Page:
The promised future: The (un)interrupted dialogue in William Carlos Williams' "Yes, Mrs. Williams"
Garcia Manriquez, Hugo Enrique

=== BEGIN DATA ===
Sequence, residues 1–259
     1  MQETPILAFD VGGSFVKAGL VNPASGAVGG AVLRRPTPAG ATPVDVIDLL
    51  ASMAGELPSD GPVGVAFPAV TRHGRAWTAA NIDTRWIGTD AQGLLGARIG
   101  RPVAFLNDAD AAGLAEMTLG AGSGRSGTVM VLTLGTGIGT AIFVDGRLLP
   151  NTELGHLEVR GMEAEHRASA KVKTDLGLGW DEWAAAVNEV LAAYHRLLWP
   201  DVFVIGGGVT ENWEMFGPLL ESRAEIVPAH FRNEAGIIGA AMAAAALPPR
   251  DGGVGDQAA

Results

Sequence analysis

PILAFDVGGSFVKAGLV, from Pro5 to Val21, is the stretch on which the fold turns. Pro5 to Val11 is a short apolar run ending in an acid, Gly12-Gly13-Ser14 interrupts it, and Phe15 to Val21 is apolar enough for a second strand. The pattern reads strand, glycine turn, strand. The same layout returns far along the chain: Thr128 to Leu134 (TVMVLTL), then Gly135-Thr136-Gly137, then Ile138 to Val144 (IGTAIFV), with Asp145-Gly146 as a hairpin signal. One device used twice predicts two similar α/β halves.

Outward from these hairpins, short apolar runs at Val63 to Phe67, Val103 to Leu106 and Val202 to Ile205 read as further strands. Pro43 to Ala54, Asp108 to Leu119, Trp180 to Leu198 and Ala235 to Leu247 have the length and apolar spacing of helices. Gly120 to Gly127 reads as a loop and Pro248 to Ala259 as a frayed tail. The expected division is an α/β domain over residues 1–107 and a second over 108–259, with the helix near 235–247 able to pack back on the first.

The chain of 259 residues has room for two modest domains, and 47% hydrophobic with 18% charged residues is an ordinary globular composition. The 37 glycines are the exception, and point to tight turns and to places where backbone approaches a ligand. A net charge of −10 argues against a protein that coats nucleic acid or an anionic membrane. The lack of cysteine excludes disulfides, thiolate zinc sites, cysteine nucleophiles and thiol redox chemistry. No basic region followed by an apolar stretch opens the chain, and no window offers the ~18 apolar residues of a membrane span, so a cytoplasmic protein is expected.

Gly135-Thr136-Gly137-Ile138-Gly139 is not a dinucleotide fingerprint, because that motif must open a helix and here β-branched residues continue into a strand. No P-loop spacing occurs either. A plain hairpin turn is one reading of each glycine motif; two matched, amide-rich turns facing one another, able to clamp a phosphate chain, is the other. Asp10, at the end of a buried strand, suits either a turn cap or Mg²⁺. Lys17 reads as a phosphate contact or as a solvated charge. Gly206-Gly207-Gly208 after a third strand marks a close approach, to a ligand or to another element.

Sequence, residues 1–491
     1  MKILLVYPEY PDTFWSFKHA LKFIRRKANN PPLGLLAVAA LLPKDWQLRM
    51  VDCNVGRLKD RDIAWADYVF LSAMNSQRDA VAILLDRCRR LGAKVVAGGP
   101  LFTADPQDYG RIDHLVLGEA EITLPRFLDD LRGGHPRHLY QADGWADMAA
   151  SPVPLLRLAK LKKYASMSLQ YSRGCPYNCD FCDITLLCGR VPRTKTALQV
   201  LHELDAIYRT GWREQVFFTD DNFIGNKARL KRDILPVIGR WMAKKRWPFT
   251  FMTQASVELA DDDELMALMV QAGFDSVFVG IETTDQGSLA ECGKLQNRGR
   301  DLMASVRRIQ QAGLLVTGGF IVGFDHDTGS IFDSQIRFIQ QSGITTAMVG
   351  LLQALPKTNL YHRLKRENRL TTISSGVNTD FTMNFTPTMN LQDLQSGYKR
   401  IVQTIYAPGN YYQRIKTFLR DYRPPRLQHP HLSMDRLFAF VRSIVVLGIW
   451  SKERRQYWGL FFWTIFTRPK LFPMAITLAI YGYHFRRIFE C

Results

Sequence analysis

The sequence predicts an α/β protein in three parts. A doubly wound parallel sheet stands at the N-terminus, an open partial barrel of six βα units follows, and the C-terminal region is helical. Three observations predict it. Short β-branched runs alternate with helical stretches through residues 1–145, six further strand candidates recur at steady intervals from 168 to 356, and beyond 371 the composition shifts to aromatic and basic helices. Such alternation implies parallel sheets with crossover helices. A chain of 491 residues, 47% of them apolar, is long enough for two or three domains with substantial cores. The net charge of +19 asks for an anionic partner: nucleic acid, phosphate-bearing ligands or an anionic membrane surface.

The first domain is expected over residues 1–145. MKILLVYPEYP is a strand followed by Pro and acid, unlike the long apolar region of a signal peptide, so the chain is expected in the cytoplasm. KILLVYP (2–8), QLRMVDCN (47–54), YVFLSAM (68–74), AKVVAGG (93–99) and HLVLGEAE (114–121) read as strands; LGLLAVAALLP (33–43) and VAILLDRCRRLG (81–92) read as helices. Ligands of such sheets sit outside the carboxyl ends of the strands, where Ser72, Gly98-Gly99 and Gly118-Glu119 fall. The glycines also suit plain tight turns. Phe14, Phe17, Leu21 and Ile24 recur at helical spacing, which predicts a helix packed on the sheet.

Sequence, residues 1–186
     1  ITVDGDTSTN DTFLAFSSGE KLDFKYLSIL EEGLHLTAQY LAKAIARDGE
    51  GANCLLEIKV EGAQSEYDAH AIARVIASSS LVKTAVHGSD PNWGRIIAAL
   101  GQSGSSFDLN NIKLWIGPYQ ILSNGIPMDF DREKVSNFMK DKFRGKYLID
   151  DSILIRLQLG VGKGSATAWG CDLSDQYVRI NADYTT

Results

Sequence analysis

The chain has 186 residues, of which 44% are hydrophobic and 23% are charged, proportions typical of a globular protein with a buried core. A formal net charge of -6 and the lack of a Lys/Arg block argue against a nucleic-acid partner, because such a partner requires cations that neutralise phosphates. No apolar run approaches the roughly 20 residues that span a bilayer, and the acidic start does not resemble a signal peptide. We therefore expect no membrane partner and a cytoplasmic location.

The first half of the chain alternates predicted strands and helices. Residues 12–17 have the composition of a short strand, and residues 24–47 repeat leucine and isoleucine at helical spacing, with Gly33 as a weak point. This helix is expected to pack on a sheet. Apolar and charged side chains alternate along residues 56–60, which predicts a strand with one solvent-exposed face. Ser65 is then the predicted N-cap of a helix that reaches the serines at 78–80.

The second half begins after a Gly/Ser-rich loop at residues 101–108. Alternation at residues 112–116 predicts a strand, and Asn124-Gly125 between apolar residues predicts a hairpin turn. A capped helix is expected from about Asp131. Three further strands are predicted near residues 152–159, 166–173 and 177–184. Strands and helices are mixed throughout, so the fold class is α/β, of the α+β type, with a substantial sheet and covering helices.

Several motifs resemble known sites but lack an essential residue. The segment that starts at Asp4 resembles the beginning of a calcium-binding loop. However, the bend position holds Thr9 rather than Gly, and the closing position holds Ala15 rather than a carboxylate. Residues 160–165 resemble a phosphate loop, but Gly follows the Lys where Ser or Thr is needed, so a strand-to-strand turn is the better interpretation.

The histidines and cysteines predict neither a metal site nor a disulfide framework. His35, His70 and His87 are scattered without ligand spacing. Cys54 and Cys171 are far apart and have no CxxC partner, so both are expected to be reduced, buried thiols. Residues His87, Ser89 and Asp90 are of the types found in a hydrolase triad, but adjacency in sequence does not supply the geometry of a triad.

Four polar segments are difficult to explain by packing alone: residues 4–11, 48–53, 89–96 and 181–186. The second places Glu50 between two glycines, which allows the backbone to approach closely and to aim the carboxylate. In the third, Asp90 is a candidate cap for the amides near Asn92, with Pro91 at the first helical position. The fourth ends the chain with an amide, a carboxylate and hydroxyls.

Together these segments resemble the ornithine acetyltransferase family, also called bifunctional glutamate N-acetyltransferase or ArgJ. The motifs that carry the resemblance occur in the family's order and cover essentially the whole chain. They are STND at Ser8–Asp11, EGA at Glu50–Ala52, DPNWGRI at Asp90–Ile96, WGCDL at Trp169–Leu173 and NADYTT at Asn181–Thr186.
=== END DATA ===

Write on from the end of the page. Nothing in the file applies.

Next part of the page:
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In 1959, four years before his death, William Carlos Williams published Yes, Mrs. Williams , formed with fragments and notes taken from countless conversations over the years with his mother. This book embodies a number of elements rarely noticed in scholarly work on Williams. Sayings, anecdotes, and songs in Spanish, French, Caribbean Patois and English share space in the book and create a movement of migratory languages and memories. In this sense Williams translates---in the sense of "bearing across"---the memory of the other. The arrangement of every fragment takes us back and forth along the years of conversation, acting as passages, bearing the languages and the uniqueness of experience across time. Yes, Mrs. Williams is a work that struggles to recover the significance of listening carefully to the voice of the other. This book challenges traditional notions of time and thus, the practice of biographies and autobiography.